Mechanics of Flight

The lasting popularity of this classic book is aptly demonstrated by the fact that this is the eleventh edition. This is also the third time that the current reviewers have undertaken the task of updating it, and we hope that the changes will be as well received this time as previously.

It would be unreasonable to try to include details of all recent develop­ments, and furthermore, we wanted to retain as much as possible of the practical detail that Kermode supplied. This detail nowadays relates mostly to light general aviation and initial training aircraft, of the type that will be encountered by anyone who wishes to learn to fly. However, transonic, super­sonic and even space flight are given their place.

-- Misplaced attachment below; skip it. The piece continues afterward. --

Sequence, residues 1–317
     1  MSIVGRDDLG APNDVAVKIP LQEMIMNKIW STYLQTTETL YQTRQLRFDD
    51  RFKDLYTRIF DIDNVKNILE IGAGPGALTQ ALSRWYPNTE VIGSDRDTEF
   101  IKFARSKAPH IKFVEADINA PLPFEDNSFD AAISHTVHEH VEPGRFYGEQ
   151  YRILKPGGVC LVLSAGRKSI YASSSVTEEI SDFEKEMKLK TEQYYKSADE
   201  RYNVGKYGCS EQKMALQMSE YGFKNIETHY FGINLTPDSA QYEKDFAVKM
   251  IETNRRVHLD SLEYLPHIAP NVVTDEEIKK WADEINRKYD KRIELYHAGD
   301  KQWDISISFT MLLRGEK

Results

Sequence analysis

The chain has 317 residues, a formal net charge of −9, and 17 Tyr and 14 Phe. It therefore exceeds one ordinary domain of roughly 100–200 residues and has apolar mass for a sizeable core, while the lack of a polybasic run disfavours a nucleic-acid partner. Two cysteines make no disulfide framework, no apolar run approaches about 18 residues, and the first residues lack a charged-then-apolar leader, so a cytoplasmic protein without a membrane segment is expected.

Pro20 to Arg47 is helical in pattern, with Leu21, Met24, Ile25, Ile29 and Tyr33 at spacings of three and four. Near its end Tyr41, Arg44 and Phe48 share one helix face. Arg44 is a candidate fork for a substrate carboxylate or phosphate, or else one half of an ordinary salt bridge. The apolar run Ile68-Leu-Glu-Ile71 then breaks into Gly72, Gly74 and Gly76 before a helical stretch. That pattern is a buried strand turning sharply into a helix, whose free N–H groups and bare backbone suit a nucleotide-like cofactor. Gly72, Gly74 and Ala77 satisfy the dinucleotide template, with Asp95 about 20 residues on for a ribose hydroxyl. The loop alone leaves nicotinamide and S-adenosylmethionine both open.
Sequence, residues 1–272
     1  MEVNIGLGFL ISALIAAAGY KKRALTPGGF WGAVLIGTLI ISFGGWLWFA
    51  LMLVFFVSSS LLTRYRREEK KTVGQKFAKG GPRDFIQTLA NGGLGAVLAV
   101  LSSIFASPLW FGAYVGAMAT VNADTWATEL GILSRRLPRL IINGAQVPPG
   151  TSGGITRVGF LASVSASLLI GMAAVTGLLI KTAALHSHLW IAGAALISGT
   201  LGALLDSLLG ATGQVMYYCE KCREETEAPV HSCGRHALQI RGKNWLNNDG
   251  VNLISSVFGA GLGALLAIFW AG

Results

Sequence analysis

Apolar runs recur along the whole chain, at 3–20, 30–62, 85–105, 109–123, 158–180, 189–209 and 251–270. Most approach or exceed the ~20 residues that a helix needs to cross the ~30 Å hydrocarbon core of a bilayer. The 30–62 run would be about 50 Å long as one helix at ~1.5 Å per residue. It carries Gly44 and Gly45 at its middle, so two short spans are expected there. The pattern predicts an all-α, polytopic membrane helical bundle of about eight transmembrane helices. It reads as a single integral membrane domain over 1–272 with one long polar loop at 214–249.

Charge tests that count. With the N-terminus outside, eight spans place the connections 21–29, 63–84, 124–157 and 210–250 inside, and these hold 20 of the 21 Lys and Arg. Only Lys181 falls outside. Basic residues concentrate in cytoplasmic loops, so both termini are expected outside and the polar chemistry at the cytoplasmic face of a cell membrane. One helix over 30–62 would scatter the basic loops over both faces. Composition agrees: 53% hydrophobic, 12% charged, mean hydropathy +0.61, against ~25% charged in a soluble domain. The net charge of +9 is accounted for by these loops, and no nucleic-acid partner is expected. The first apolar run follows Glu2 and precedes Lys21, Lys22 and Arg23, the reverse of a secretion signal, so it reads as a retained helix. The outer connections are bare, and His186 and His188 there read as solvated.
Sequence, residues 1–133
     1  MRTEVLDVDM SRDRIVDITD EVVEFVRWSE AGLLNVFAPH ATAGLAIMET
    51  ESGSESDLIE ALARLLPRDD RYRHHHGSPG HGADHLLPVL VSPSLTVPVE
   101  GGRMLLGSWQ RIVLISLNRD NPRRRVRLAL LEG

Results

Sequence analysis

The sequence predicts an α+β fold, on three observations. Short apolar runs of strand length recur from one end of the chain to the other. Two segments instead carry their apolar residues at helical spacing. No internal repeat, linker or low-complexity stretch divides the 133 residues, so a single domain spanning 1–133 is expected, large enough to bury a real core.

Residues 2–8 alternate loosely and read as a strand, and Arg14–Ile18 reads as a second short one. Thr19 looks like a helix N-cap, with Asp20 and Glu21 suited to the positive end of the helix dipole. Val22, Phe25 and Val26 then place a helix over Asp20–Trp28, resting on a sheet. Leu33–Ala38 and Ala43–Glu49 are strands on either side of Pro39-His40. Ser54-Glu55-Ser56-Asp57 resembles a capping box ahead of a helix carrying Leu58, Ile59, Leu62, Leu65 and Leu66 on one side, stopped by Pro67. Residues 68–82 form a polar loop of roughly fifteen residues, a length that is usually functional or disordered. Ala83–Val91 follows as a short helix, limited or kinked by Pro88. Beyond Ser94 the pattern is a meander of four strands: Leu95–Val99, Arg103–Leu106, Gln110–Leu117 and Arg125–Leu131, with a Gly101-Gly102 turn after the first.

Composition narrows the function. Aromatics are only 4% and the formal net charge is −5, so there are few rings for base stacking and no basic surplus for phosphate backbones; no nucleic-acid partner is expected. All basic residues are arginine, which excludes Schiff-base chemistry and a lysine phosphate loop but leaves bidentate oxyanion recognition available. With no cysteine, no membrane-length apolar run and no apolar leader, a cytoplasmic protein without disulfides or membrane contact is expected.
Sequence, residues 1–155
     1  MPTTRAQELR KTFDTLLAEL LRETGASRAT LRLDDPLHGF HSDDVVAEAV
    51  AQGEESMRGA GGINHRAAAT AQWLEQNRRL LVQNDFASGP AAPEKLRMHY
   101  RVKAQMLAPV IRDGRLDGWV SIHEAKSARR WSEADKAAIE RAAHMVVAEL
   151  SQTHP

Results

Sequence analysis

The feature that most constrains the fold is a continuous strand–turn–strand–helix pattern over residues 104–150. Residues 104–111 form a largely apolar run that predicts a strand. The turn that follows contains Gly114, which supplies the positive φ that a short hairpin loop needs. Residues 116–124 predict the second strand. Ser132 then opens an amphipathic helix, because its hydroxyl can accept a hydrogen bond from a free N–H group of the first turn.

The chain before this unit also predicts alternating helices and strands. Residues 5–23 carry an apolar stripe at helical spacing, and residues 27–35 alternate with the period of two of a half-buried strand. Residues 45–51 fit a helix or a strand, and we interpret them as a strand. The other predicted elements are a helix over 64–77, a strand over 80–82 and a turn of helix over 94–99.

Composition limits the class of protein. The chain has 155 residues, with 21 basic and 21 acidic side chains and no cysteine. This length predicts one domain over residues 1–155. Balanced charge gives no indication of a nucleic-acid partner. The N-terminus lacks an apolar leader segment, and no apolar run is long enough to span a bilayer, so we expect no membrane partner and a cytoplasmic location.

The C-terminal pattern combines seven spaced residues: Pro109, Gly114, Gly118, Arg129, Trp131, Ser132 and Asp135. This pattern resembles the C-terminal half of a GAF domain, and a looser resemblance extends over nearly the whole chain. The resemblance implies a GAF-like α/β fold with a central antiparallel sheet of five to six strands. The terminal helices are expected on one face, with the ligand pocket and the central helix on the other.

The late A. C. Kermode was a high-ranking Royal Air Force officer respon­sible for training. He also had a vast accumulation of practical aeronautical experience, both in the air and on the ground. It is this direct knowledge that provided the strength and authority of his book.

Most chapters have some simple non-numerical questions that are intended to test students’ undertstanding, and our answers to these are provided. There are also numerical questions and solutions for each chapter. For engineering and basic scientific questions we have used the SI unit system, but aircraft operations are an international subject, and anyone involved in the practical business will need to be familiar with the fact that heights are always given in feet, and speeds in knots. We have therefore retained several appropriate qes – tions where these units are involved.

R. H. Barnard D. R. Philpott

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